Two of baseball’s greatest post-War icons began their careers during the same season, but Willie Mays outlasted Mickey Mantle by five full seasons. It makes us all wonder what a 1970, ’71, ’72 or ’73 Topps Mantle would have looked like.
It also gives us a few more years to chronicle when we examine the population of graded Mays cards. Willie’s cardboard career lasted from 1951-1973 and we crunched the numbers at each primary card from Topps and Bowman. The idea was to offer some insight into which particular cards will likely be the hardest–and easiest–to find in high grade.
As we’ve done recently with Mantle, Jackie Robinson, Sandy Koufax and others, we took some time to calculate the percentage of graded Mays cards that rated an unqualified 8 (NM/MT), 8.5 (NM/MT+), 9 (MINT) or 10 (GEM MINT) in a given year.
Again, to keep it simple, we focused on PSA graded cards but we suspect the populations of other grading companies would be similar. The final chart is below, but here are some observations in looking at the data as a whole:
*The population of NM/MT and better 1953 Topps cards is the lowest (50) of any primary card from his playing days. There is one ten and only two 9s in the PSA Pop Report. Just 2.8% of all PSA graded ’53 Topps Mays have rated 8, 8.5, 9 or 10. That’s the lowest percentage of any vintage Mays card.
*Only 70 1952 Topps Mays have rated 8-10 (3.285%). That’s a small number—one that would be even smaller if not for the group that was part of Mr. Mint’s famous uncirculated ’52 Topps find that took place in the 1980s.
*The fewest number of PSA-graded Mays cards from any year is his 1951 Bowman rookie card, with only 1,693 total examples recorded. The ’53 Topps is second with 1,789. Those are the only two years in which fewer than 2,000 Mays cards have been graded by PSA. A surprisingly small number of 1954 Bowman cards have been graded (just 2,124). That’s a significantly lower number than 1954 Topps (3,075).
*The number of graded Mays cards skyrockets in 1956—a fact we also discovered when examining the population of graded Mantle cards. There are anywhere from two to nearly seven times as many high grade 1956 Topps Mays cards as there are in any year leading up to that time.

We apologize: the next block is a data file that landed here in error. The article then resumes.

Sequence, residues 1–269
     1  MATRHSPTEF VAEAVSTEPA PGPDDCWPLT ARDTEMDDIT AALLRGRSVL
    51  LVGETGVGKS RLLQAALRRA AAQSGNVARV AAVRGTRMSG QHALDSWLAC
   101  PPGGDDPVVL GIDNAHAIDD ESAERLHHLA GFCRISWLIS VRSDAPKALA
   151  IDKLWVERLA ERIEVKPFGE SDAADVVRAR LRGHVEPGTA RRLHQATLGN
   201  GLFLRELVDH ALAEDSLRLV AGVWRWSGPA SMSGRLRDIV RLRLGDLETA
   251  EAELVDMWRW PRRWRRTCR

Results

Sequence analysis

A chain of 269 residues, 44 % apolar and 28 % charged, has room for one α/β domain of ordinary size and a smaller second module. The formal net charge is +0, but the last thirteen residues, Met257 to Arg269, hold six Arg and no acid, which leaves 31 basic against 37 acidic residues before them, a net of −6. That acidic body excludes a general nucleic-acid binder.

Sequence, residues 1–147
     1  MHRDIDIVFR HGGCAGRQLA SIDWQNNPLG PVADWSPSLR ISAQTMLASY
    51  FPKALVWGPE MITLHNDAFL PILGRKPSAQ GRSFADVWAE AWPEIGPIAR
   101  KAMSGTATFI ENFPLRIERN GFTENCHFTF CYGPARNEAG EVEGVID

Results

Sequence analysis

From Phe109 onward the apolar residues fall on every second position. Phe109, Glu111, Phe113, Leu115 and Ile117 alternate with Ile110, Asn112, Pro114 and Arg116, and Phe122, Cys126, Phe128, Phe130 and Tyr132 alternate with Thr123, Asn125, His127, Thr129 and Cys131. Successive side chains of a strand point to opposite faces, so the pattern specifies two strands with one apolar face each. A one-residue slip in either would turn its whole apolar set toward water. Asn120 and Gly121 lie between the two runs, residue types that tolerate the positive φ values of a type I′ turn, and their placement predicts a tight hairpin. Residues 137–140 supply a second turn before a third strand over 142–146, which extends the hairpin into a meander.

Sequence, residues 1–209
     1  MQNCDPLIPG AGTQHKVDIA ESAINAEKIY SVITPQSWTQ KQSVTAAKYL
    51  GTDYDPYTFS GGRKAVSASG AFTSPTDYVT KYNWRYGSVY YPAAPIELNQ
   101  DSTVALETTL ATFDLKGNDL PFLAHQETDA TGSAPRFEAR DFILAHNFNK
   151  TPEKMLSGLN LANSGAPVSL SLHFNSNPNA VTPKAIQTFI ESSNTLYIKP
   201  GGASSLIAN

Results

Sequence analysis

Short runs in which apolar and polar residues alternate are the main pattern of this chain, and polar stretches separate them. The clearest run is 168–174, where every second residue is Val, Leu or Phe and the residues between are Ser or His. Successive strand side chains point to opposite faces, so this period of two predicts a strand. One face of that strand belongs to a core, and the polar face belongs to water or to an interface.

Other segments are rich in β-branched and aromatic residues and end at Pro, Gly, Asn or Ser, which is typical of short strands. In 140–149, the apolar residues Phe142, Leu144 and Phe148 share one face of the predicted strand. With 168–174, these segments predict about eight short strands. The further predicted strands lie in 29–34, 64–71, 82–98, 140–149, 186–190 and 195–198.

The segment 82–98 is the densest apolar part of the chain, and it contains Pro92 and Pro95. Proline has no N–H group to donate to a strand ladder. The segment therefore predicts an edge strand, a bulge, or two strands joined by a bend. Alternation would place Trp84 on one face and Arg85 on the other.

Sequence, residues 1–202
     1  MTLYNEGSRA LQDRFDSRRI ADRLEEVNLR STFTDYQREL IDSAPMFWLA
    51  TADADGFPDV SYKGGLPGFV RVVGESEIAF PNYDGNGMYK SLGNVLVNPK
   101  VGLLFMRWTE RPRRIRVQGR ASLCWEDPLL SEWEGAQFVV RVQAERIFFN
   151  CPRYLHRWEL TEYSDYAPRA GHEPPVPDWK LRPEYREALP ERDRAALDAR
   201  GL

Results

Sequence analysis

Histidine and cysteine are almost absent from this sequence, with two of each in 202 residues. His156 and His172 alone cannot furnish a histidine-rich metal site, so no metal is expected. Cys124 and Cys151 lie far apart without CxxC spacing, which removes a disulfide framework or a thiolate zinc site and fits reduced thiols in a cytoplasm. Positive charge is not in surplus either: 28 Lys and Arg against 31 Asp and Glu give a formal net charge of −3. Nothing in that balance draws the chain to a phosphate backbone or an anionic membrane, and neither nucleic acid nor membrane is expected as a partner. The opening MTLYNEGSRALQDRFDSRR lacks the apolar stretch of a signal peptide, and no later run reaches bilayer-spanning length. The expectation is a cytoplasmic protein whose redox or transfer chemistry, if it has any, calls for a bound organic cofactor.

*Which pre-1960s Mays card that doesn’t have a colored border is scarce in high grade? That would be his notoriously off-center 1958 Topps issue. While there are 311 1957 Topps and 430 1959 Topps in PSA 8-10, there are only 126 ‘58s–just over 4 percent of the entire ’58 Mays population.
*The most plentiful high-grade Mays population? Not his last card issued in 1973. It’s the 1972 Topps, with a whopping 1,401 cards in 8-10. That’s nearly twice as many as any other year, likely due to his appearance in the typically fast-selling first series (he’s #49).
*As for the 1960s, the largest number of high grade Mays cards can be found in the 1967 Topps set with 754 rating 8-10.
*Willie was card #1 in the 1966 Topps set and the old adage that the first card in any set is tough to find in high grade holds true here. Just 247 (8.78%) of those graded by PSA have been awarded a grade between 8 and 10. That’s by far the smallest percentage of any year from 1963 on up. By comparison, there are 557 1965 Topps in 8-10 (19.8% of the total population of graded Mays cards from that year).
*Not surprisingly, cards with the dark-colored borders are among the most difficult Mays cards to find in high grade. Just 70 1955 Bowman Mays have rated 8-10; only 95 ’62 Topps and just 303 from the otherwise plentiful 1971 Topps set, making it one of Mays’ pricier late career cards.
Percentage of PSA 8, 8.5, 9 or 10 Willie Mays cards by year